Paradigm Shift E3m Review

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Reviewed Apr 2012

Details: Flagship of speaker manufacturer Paradigm’s new IEM line
MSRP: $129.99 (manufacturer’s page)
Current Price: $39.99 from amazon.com
Specs: Driver: Dynamic | Imp: 18Ω | Sens: 105 dB | Freq: 8-19k Hz | Cable: 4′ I-plug
Nozzle Size: 4mm | Preferred tips: Trimmed MEElec triple-flanges; Head-Direct bi-flanges
Wear Style: Straight down or over-the-ear

Accessories (3.5/5) – Single-flange silicone tips (3 sizes) and faux leather clamshell carrying case
Build Quality (4/5) – The E3m is built around a single piece of machined aluminum housing the driver chamber. A second, plastic piece flares outward at the rear and presents a rather large Paradigm Shift logo. The nozzle is protected by a metal filter and the entire construction feels nice and solid. The cabling is nylon-sheathed but seems to resist kinks and tangles very well. The biggest issue is the lack of strain relief on housing entry and at the y-split, which may result in the nylon cable sheath fraying over time. A mic/remote unit with an unusually small single button is located on the right-side cable.
Isolation (3/5) – Good for a dynamic-driver earphone
Microphonics (4/5) – Mild when worn cord-down and pretty much nonexistent with over-the-ear wear
Comfort (3.5/5) – The housings use an ergonomic, off-axis design (a-la AKG K3003) and the stock tips are of good quality and easy to get a good seal with. The E3m can be worn both cable-up and cable-down but the sharp rear corners of the housing and stem tend to contact the outer ear, potentially causing discomfort for some users. This is easily remedied by using longer aftermarket eartips that position the housings farther out in the ear

Sound (6.9/10) – The general sound signature of the Paradigm Shift E3m is bass-biased, with a laid-back midrange and similarly relaxed treble. The low end is full and deep, easily reaching down into the subbass frequencies and offering great rumble and impact. Paradigm claims that the tuning of the E3m was inspired by their Signature Series loudspeakers, and it is easy to imagine speakers putting out the same sort of powerful, visceral bass the earphones produce. Relative to the midrange and treble, the quantity of the bass borders on ‘basshead’ and despite the lack of mid-bass bloat lacks a little texture, speed, and resolution, sounding boomy at times. For comparison purposes I grabbed another in-ear headset recently released by a different speaker manufacturer – the Velodyne vPulse. While the bass of the Velodynes did not have quite as much impact, it was pleasantly cleaner and more controlled, resulting in a more accurate, less colored overall sound.

The midrange of the E3m – and pretty much everything following – is recessed compared to the prominent bass. Though there is not much of a mid-bass hump per se, the bass level is so inflated that the low end bleeds into the midrange anyway, resulting in noticeable veiling of vocals and instruments and a lack of clarity compared to many cheaper in-ears. Bumping everything above 200 Hz up on the EQ helps, allowing the mids to shine – with the bass out of the way detail and texture levels are actually quite good and the earphones sound enjoyable. Notes have good weight and thickness, giving the E3m a full-bodied feel that works well with the warm tone.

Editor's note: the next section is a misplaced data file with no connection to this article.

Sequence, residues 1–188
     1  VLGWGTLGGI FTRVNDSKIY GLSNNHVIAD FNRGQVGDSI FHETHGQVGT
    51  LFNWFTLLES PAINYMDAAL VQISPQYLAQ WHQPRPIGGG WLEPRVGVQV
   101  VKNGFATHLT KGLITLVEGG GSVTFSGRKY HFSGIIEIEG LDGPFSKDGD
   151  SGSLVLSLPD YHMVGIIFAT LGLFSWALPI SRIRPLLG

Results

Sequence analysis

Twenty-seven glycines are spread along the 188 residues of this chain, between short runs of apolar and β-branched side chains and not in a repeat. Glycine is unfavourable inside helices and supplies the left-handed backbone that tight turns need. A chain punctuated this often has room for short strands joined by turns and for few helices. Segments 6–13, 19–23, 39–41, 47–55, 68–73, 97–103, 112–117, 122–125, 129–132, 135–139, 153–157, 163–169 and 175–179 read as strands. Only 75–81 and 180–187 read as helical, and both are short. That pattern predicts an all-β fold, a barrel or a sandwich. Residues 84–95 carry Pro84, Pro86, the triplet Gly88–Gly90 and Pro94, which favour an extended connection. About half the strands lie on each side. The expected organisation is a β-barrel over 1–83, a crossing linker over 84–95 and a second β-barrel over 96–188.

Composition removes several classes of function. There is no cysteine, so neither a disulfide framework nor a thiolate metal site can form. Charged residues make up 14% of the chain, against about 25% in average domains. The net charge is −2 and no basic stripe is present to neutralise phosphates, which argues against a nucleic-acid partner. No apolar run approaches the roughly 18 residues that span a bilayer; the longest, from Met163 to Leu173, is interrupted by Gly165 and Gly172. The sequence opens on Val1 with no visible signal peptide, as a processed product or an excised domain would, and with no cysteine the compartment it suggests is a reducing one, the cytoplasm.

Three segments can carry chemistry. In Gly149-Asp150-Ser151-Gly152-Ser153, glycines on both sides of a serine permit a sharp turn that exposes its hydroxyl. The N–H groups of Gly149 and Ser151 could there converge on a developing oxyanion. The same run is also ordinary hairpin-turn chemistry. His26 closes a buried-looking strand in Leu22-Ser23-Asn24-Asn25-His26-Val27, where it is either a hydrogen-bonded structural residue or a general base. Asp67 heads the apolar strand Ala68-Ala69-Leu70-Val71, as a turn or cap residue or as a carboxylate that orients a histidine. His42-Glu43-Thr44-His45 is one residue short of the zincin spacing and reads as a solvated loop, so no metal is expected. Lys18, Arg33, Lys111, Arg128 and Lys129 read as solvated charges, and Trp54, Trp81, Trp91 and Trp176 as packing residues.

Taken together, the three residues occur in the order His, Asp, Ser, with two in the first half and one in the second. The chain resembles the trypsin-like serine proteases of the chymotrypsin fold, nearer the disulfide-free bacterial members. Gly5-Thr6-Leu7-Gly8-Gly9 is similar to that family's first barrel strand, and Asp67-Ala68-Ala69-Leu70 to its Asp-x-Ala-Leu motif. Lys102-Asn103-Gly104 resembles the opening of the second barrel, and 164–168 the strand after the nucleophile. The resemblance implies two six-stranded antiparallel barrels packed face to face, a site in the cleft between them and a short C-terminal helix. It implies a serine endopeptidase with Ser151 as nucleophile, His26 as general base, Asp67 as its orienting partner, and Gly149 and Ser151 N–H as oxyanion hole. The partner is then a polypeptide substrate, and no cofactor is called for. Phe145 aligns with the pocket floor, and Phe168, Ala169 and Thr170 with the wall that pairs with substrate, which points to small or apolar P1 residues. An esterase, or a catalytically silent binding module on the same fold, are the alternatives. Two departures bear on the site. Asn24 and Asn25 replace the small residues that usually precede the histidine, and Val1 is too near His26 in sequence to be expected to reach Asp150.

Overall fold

The treble transition is smooth and uneventful. The top end is just as laid-back as the midrange, with the resulting ‘dull’ sound reminding me of the new Dunu Crater and Hawkeye. There is no treble sparkle and crispness is mediocre at best. On the upside, top-end extension is decent and the E3m adds no harshness or sibilance into the mix. The sound remains smooth and non-fatiguing, even at higher volumes, but the dullness does make cranking up the volume tempting. A more accurate set – a VSonic GR06, for example – will extract the same amount of musical detail at lower volumes and may even encourage some listeners to turn down their devices.

The presentation of the E3m is probably its best trait – it is wholesome and well-rounded. The soundstage is above-average in size and has very good on-center feel compared to sets like the Velodyne vPulse. While the bass tends to dominate the sonic space when present, the E3m doesn’t sound particularly congested and has good instrument separation and layering. In comparison, the Dunu Hawkeye and Velodyne vPulse both sound flat and a bit uninvolving. Dynamics are quite decent as well – closer to the mid-fi level of a MEElec CC51 or Shure SE215 than the Velodyne or Dunu sets.

Value (7/10) – Paradigm’s flagship in-ear is less of a shift and more of a paradox, promising sound akin to high-end speakers but delivering a bass-heavy signature saddled with veiled vocals and dull treble. The drivers are certainly very capable, producing high detail levels, good dynamics, and a spacious presentation, and the E3m is a solid headset – well-built, comfortable, and low on cable noise. As it stands, however, the balance makes it one to recommend only for lovers of warm, full-bodied sound with forward bass and recessed mids and highs.

Pros: Nice construction; smooth sound with decent presentation
Cons: Housing shape may not be comfortable for everyone; bass-biased balance results in midrange and treble deficiencies


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About Author

Living in the fast-paced city of Los Angeles, ljokerl has been using portable audio gear to deal with lengthy commutes for the better part of a decade. He spends much of his time listening to music and occasionally writes portable audio reviews across several enthusiast sites, focusing mostly on in-ear earphones.

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